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S. Frazier

Did some simple research: please test my thinking:

Ca - Cardiac Arrest
S- Symptons being shortness of breath and chest pains
P(S|Ca) = 53% probability of symptons given cardiac arrest
P(S) = 8% (overall population data, really rough)
P(Ca) = .8% (800/100,000 people suffer Ca)
Using a Bayesian analysis:
P(Ca|S) = P(S|Ca)*P(Ca)/P(S) = 53% x .8%/8% = 5.3%
Your chances of cardiac arrest given the symptons is 5.3%, meaning you may not need to run to the hospital. You certainly need a control group to factor out issues such as panic attacks, etc., that can cause the same symptons.


SF: Thanks for your contribution. Always good to do back of the envelope. If we do a similar analysis on the other symptoms, the number would be even smaller given the much weaker correlation.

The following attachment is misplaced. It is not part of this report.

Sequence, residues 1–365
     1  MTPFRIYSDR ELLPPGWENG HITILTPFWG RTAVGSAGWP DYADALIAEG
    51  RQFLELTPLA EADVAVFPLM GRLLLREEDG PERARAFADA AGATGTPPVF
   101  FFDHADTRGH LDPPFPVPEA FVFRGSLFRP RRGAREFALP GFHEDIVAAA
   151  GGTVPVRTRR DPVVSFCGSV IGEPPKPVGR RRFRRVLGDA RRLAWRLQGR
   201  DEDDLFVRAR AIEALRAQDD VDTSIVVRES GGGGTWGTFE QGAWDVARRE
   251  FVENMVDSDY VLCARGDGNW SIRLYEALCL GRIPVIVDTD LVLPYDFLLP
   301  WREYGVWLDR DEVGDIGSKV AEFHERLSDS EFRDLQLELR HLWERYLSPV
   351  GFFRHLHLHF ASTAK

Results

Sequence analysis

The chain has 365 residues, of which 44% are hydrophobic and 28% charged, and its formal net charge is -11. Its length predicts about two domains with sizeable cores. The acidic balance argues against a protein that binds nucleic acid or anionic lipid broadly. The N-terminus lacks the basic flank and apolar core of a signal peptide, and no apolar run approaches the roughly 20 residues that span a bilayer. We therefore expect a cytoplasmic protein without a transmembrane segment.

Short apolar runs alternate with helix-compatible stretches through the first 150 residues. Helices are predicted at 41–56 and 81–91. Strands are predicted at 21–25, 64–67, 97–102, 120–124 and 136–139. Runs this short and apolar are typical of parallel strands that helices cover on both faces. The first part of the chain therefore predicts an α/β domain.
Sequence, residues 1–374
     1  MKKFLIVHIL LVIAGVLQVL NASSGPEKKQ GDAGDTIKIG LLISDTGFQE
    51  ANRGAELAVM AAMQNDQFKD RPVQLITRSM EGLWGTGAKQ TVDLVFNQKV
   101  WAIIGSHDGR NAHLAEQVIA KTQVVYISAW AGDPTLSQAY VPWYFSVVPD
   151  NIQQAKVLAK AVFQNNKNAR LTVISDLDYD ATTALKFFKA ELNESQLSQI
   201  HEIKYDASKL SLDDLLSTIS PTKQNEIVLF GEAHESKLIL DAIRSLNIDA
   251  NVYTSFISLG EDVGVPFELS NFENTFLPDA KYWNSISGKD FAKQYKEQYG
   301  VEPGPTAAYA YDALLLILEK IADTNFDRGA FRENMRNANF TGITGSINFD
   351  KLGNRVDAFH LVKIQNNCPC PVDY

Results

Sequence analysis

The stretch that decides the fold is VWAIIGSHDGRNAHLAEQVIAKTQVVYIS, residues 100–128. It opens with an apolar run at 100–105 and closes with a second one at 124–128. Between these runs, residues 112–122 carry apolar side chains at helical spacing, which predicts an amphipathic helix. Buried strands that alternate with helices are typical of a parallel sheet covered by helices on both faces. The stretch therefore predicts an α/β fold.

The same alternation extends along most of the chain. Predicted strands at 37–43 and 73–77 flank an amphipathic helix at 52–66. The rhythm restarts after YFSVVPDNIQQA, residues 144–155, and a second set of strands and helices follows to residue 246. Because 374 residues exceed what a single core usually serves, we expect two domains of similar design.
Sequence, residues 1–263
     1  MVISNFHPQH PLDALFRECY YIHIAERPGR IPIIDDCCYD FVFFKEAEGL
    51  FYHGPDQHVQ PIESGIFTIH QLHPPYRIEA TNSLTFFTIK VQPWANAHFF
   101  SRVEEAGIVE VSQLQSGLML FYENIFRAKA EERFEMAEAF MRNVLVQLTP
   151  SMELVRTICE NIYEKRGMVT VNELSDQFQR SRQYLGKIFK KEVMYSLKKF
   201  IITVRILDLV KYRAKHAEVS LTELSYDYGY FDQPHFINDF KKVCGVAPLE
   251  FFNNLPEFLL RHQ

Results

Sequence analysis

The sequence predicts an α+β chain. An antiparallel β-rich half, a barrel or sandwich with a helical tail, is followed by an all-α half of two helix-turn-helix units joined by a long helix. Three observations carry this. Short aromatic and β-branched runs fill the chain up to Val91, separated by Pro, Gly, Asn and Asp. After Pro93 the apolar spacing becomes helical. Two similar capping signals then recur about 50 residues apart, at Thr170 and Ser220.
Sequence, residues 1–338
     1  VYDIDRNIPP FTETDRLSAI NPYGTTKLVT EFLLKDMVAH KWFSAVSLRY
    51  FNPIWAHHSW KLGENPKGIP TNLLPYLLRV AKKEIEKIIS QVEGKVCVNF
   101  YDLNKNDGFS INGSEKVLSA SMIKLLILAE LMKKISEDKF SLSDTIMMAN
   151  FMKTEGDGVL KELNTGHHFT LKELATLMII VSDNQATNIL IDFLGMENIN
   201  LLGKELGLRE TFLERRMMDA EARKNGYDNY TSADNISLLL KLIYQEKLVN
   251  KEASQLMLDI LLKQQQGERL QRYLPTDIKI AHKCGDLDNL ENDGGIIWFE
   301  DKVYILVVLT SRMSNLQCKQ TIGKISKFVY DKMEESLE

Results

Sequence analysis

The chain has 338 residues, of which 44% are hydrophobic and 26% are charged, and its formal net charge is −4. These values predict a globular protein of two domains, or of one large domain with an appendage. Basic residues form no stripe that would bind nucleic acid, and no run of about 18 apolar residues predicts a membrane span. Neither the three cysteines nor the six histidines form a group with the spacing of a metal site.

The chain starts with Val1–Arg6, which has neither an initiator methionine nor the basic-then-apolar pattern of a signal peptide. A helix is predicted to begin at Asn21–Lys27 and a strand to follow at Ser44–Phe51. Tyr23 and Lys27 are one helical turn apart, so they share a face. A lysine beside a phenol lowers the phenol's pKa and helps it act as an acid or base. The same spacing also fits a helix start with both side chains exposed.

Big data doesn't imply a lack of control groups. Lazy analysts don't use the available data to build an appropriate control group.

Lazier journalists re-print this as useful information.


Chris: Big data is mostly observational data and it takes both a lot of time and a lot of statistical expertise to build "appropriate control groups" so I'm not surprised this is not being done. Sometimes you just can't build control groups from existing data. For example, if you launch a new version of an iphone app, Apple is not going to let you keep both new and old versions in the same store; if you want to measure the impact of the new app, you are forced to perform pre-post analysis. Any creation of a control group would require uncomfortably strong assumptions.

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